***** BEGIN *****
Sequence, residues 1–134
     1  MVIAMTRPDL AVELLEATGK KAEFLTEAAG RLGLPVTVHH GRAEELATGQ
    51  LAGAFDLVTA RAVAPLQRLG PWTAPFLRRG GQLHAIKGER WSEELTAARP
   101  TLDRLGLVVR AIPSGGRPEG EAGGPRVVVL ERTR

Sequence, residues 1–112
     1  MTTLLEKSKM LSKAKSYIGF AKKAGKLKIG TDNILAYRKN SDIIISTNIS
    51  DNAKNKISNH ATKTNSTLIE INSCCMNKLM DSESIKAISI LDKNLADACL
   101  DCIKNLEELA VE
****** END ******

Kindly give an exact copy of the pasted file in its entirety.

Sequence, residues 1–134
     1  MVIAMTRPDL AVELLEATGK KAEFLTEAAG RLGLPVTVHH GRAEELATGQ
    51  LAGAFDLVTA RAVAPLQRLG PWTAPFLRRG GQLHAIKGER WSEELTAARP
   101  TLDRLGLVVR AIPSGGRPEG EAGGPRVVVL ERTR

Sequence, residues 1–112
     1  MTTLLEKSKM LSKAKSYIGF AKKAGKLKIG TDNILAYRKN SDIIISTNIS
    51  DNAKNKISNH ATKTNSTLIE INSCCMNKLM DSESIKAISI LDKNLADACL
   101  DCIKNLEELA VE